From these remarks, our readers will see on what grounds it is that, whilst maintaining the imperativeness of all that God enjoins, we yet maintain that it is not that injunction which constitutes moral obligation, strictly so called. For that we must seek in something anterior to all spoken or written law, and something which takes a deeper hold upon our being than any motive drawn either from the hope of good to come, or a sense of gratitude for good already enjoyed, can possess. Virtue, to be real, must be disinterested. Her true votaries are such as love her for her own sake, and apart from all the rewards she confers. Their language is
• Were there nor heaven por hell
And ne'er ta'en wages of her.' To this all will give response, whose hearts are swayed by a continual reverence for
• The justice Of the unbribed everlasting law.' Before leaving the subject of moral obligation, we must notice the mode in which it has been treated by some of the writers whose works stand at the head of this article. Of these, the first place is, in our judgment, due to Immanuel Kant, who has treated the whole subject of moral obligation with his usual acuteness, and with great depth, sagacity, and truth. The substance of his views on this point is contained in the following paragraphs :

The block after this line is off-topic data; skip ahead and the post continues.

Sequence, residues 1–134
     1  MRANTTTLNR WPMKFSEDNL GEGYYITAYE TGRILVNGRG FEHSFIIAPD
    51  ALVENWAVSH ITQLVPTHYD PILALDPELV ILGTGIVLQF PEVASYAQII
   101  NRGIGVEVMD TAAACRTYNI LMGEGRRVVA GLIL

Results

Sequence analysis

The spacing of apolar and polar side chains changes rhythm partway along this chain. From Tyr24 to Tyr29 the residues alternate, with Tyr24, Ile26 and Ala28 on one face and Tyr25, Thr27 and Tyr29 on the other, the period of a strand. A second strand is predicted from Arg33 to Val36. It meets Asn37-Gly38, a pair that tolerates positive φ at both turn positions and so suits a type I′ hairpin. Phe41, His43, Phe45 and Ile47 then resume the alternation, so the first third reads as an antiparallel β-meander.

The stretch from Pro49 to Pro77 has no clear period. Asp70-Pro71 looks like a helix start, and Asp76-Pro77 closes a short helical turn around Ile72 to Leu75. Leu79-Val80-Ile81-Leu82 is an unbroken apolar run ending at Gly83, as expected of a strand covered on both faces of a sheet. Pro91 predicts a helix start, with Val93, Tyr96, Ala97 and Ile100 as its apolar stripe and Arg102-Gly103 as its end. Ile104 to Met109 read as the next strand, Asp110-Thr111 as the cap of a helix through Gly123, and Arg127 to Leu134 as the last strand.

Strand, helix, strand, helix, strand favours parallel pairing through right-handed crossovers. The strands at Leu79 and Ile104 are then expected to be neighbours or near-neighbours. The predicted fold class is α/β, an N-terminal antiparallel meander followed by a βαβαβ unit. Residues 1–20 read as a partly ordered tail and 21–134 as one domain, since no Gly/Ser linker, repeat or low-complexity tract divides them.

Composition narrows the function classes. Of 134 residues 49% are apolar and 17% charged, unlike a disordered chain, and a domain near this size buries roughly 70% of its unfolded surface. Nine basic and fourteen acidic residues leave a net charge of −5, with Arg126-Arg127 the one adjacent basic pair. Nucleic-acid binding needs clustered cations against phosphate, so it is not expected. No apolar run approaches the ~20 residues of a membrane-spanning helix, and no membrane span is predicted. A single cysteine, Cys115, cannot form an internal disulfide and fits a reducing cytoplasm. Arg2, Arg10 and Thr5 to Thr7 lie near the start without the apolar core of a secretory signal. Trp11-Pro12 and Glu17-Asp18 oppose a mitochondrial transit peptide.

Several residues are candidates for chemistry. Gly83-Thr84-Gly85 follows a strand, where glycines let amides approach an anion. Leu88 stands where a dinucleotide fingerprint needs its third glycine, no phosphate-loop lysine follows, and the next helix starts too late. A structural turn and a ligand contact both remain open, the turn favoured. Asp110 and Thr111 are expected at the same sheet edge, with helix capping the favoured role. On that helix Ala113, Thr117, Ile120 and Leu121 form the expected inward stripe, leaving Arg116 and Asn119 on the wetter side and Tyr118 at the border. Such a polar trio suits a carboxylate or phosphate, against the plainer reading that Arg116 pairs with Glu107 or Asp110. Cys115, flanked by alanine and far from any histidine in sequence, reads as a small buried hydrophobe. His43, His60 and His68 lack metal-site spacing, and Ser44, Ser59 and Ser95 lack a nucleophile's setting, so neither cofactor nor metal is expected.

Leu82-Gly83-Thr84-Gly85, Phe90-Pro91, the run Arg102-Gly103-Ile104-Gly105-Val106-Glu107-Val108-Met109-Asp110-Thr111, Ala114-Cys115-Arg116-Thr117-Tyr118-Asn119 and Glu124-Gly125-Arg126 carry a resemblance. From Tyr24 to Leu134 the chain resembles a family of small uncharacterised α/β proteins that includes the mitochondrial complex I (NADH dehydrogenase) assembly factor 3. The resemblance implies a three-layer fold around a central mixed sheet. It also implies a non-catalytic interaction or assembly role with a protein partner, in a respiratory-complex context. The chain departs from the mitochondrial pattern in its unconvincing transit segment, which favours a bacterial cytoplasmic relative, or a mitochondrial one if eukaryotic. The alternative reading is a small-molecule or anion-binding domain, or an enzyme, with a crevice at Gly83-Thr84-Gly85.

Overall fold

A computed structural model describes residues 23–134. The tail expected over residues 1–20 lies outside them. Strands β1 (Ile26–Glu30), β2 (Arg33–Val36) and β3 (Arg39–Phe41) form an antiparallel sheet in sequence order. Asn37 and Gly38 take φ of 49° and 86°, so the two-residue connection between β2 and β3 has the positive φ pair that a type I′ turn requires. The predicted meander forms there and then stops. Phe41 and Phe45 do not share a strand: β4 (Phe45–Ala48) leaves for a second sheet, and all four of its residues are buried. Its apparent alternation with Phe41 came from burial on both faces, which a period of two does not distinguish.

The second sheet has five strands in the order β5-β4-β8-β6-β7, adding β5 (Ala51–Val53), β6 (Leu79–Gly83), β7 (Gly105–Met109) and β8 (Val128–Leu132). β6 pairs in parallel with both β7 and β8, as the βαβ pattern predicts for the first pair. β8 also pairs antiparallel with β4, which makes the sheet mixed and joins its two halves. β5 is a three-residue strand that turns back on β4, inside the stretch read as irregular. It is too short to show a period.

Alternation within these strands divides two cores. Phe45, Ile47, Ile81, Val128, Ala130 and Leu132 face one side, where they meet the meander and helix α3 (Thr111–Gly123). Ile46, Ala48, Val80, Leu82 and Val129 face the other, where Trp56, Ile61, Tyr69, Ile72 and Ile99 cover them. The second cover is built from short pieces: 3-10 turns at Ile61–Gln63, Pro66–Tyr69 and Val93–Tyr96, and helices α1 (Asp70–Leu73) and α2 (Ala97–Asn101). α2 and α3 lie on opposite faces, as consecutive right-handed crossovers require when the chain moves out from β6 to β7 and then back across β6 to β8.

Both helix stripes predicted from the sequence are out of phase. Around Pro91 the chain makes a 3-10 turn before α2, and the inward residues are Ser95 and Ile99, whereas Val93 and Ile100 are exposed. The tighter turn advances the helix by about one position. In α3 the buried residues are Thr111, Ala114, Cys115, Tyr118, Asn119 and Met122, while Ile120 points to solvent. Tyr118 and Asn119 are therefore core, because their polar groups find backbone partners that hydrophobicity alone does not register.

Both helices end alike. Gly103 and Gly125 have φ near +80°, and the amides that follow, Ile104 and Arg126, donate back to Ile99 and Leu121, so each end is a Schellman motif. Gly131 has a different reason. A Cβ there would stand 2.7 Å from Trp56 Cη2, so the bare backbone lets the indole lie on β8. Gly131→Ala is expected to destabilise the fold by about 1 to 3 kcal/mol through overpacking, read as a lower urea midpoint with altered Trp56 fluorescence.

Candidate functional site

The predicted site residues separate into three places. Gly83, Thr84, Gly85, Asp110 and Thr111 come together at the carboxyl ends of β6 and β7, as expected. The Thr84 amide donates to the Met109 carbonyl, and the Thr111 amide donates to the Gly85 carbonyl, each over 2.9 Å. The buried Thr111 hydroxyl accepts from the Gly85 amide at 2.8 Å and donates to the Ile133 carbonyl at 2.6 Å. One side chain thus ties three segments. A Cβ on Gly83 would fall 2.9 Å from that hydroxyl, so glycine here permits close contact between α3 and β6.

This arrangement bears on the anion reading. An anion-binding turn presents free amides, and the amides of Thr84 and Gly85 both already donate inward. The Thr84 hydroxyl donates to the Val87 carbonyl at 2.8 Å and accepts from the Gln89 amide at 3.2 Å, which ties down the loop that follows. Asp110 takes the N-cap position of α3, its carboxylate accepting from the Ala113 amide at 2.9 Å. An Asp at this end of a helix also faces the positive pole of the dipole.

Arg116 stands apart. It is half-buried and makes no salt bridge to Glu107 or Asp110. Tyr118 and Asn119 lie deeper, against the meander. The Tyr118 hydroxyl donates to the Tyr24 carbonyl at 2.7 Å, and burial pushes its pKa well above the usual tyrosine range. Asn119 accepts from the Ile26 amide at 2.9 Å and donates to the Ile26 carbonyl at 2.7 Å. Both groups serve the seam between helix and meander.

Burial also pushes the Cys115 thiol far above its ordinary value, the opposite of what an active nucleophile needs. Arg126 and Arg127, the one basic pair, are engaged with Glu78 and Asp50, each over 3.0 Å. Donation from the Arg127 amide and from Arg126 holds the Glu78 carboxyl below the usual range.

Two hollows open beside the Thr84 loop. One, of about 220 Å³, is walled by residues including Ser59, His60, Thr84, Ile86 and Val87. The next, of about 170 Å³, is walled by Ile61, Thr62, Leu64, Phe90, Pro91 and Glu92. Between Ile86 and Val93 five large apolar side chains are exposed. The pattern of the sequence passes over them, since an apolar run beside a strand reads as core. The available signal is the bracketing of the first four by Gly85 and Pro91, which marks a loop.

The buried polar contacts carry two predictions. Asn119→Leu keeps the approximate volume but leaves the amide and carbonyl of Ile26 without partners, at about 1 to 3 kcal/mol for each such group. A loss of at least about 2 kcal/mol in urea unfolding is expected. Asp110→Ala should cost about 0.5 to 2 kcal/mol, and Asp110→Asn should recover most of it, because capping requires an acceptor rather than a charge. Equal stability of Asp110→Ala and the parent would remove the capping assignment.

* Duty is the necessity of an act, out of reverence felt for law. Towards an object, as effect of my own will, I may have inclination but never reverence; for it is an effect, not an activity of will. Nay, I cannot venerate any inclination, whether my own or another's. At the utmost I can approve or like. That alone which is the basis and not the effect of my will can I revere ; and what subserves not my inclinations, but altogether outweighs, i.e. the law alone, is an object of reverence, and so fitted to be a commandment. Now, an action performed out of (propter) duty has to be done irrespective of all appetite whatsoever ; and hence there remains nothing present to the will except objectively law, and subjectively pure reverence for it, inducing man to adopt this unchanging maxim, to yield obedience to the law, renouncing all excitements and emotions to the contrary. It is nothing else than the representationt of the law itself-a thing
* Webster, Duchess of Malfy. + Representation' (Vorstellung) in the Kantian phraseology is, according to Mr. Semple,
a general expression used to denote any state of mind whatever.' This is hardly correct. Kant was remarkably precise in the use of terms, and it is hardly to be believed that he would have employed any term so vaguely as tbis, NO. XII.